Tuesday, January 18, 2011

Buffy Blog: "The Pack"

Previously on Buffy: Xander, who was preyed upon by the She Mantis in “Teacher’s Pet”, preys upon others in “The Pack”

“The Pack” has long been one of my favourite episodes of BtVS. I think I like it so much because so much of what I like in Buffy—the metaphors, the pain, the darkness, the character changes, the emotional intensity—makes an appearance in this episode.

Metaphors of the Week (pun intended): High School is Hell where high school cliques are packs of animals (in this case hyenas) prey on the weak. Boys are testosterone driven morons Giles to Buffy: “Xander has taken to teasing the less fortunate? It’s devastating. He’s (Xander) turned into a sixteen-year-old boy. Of course, you’ll have to kill him”. Awesome speech.

Playing with Genre: Buffy does the possession motif of classic Hollywood horror.

The Darkness and the Pain: In “The Pack” we are introduced to Dark Xander, the Xander who is the leader of the pack and the Xander who can, while under the spell of a hyena spirit, be mean, really mean, too fan favourite (and Ron favourite) Willow. Dark Xander to Willow: “…so I won’t have to look at your pasty face anymore”. Similar scenes will show up later in Buffy. An equivalent scene will show up, for instance, in “Nightmares”, namely, the brutal and painful scene between Buffy and her father. More about this later.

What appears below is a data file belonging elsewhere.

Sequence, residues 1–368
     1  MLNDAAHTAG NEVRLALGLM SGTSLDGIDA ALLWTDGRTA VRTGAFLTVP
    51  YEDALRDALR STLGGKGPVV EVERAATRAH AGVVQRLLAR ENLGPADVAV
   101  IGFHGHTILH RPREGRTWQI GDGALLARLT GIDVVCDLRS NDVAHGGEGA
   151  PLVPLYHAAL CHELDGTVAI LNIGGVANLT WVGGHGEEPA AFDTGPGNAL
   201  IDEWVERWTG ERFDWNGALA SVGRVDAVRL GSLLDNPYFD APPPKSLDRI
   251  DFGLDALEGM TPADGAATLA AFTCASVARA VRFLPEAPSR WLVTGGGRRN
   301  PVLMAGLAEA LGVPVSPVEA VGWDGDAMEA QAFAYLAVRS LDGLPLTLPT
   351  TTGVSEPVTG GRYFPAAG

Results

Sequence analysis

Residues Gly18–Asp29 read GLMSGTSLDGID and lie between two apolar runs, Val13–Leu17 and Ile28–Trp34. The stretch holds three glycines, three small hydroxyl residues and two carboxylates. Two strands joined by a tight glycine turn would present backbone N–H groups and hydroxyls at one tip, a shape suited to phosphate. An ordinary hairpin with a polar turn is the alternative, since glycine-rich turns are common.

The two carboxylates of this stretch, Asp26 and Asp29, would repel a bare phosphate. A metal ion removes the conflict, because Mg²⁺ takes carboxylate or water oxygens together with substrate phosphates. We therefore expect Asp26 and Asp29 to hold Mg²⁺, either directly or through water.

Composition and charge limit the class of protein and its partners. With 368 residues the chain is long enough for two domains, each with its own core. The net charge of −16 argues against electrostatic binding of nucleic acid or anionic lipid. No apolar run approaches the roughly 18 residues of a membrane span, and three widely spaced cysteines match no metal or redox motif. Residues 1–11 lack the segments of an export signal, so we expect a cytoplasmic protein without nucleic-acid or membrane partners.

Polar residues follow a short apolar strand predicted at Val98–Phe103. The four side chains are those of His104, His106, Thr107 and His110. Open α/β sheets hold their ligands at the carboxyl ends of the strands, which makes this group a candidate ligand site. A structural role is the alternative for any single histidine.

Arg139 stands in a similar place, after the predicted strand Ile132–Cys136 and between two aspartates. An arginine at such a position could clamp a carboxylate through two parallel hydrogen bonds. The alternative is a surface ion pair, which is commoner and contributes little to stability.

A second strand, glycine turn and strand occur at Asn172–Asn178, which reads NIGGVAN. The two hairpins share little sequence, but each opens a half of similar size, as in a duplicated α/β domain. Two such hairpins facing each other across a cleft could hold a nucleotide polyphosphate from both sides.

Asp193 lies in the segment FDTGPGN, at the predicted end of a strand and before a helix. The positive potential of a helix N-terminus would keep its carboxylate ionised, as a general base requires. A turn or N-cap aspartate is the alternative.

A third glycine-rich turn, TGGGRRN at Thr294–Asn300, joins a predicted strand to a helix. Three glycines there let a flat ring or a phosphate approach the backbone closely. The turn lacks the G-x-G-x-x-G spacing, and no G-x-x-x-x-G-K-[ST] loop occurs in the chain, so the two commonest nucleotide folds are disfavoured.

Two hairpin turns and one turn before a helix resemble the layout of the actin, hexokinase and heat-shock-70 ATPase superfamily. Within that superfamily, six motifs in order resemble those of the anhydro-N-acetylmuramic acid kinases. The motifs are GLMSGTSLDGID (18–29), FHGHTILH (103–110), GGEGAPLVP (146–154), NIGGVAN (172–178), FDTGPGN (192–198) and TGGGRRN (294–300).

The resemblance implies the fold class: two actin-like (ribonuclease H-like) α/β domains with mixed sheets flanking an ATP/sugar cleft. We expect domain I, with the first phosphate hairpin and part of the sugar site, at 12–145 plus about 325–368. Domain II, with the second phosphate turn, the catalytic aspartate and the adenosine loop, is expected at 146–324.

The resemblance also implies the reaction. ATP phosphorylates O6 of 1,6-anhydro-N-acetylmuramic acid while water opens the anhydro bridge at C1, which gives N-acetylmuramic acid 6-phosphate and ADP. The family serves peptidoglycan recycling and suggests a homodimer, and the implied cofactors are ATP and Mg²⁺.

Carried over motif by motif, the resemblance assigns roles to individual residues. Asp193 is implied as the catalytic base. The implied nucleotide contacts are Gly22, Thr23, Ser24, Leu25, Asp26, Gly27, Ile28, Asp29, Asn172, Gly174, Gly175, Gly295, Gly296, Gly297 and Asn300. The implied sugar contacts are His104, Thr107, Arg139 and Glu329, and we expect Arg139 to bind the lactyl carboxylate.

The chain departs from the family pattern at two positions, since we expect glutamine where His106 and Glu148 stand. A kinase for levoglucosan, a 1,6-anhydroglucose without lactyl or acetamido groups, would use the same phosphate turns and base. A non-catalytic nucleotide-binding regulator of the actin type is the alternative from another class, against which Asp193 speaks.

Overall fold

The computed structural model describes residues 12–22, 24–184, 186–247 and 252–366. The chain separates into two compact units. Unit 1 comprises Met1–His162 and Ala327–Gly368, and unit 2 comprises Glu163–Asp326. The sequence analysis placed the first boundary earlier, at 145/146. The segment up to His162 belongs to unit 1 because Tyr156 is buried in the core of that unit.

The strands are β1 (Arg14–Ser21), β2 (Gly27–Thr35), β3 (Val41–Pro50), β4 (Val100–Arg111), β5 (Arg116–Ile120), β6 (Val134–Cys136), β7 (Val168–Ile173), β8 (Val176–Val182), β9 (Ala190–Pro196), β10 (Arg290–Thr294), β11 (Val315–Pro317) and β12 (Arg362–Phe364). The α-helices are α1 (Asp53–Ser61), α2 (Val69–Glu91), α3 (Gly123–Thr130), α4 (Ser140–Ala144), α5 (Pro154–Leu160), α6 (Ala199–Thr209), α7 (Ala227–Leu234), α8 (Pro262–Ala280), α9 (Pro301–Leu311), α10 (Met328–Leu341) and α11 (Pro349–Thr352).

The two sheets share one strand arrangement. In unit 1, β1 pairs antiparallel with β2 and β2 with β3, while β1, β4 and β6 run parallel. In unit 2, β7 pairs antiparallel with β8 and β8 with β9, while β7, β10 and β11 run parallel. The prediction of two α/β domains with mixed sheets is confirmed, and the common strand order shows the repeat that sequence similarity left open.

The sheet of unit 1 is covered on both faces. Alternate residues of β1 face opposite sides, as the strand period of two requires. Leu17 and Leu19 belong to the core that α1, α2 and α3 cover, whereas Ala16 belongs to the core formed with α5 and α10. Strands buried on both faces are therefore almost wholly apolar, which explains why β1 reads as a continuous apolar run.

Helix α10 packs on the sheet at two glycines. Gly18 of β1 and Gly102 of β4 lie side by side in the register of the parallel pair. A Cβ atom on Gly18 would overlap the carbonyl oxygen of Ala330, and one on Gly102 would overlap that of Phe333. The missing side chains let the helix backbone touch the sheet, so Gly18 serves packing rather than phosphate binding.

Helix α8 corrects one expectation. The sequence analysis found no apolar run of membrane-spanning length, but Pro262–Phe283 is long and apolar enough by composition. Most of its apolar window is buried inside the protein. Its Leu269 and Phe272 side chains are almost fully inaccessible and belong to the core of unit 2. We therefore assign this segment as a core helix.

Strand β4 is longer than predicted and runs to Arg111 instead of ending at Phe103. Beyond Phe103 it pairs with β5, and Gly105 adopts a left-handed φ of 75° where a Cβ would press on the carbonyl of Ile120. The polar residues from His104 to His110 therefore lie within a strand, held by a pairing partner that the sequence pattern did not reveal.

Themes and mise-en-scene: the “brutal” dodge ball game in the middle of the episode reflects the strong preying on the weak theme of the episode. Xander brutally sending Willow out of the dodge ball game is a foreshadowing of the “pasty face” scene that follows.

Buffy as protector of the weak: note how Buffy’s first inclination is to go and protect Lance from the, as yet, unpossessed pack. Note how Buffy helps up Lance after he is viciously pummeled during the dodge ball game. Note how Buffy protects Willow and confronts Xander after the “pasty face” scene. Note how Buffy protects Willow (“put Willow in peril”) from the pack as they hunt for her at Sunnydale High School.

The Horror: The scene where a young mother with child in carrier happens upon the pack, the scene where the pack chases Willow, and the scene where the pack attack a parked SUV with a family in it are genuinely scary.

Humour: There is lots of black humour in this episode. Rhonda: “How is Herbert?” Heidi: “Crunchy”.

Character: Willow is still obsessed with Xander. Willow once again shows she is not so naïve. She doesn’t fall for Dark Xander’s speechifying while he is locked in the cage in the library. Buffy has her “buttons pushed” by Angel. Xander still has a thing for Buffy as his very sexualized attack on Buffy in the room where Herbert the pig is eaten by the pack makes clear. Dark Xander compares himself to dangerous Angel.

Foreshadowing: Giles gets knocked out for the first time. Dark Xander tries to rape Buffy. Buffy will, as we will see, face another attempted rape in season six. We will see Dark Xander again in season three though this time Dark Xander is a vamp.

Killing Demons: Buffy kills the zookeeper, Dr. Weirick (played by James Stephens of Paper Chase TV show fame; he played the lead character Harvard Law School student James T. Hart) after he is possessed by hyenas.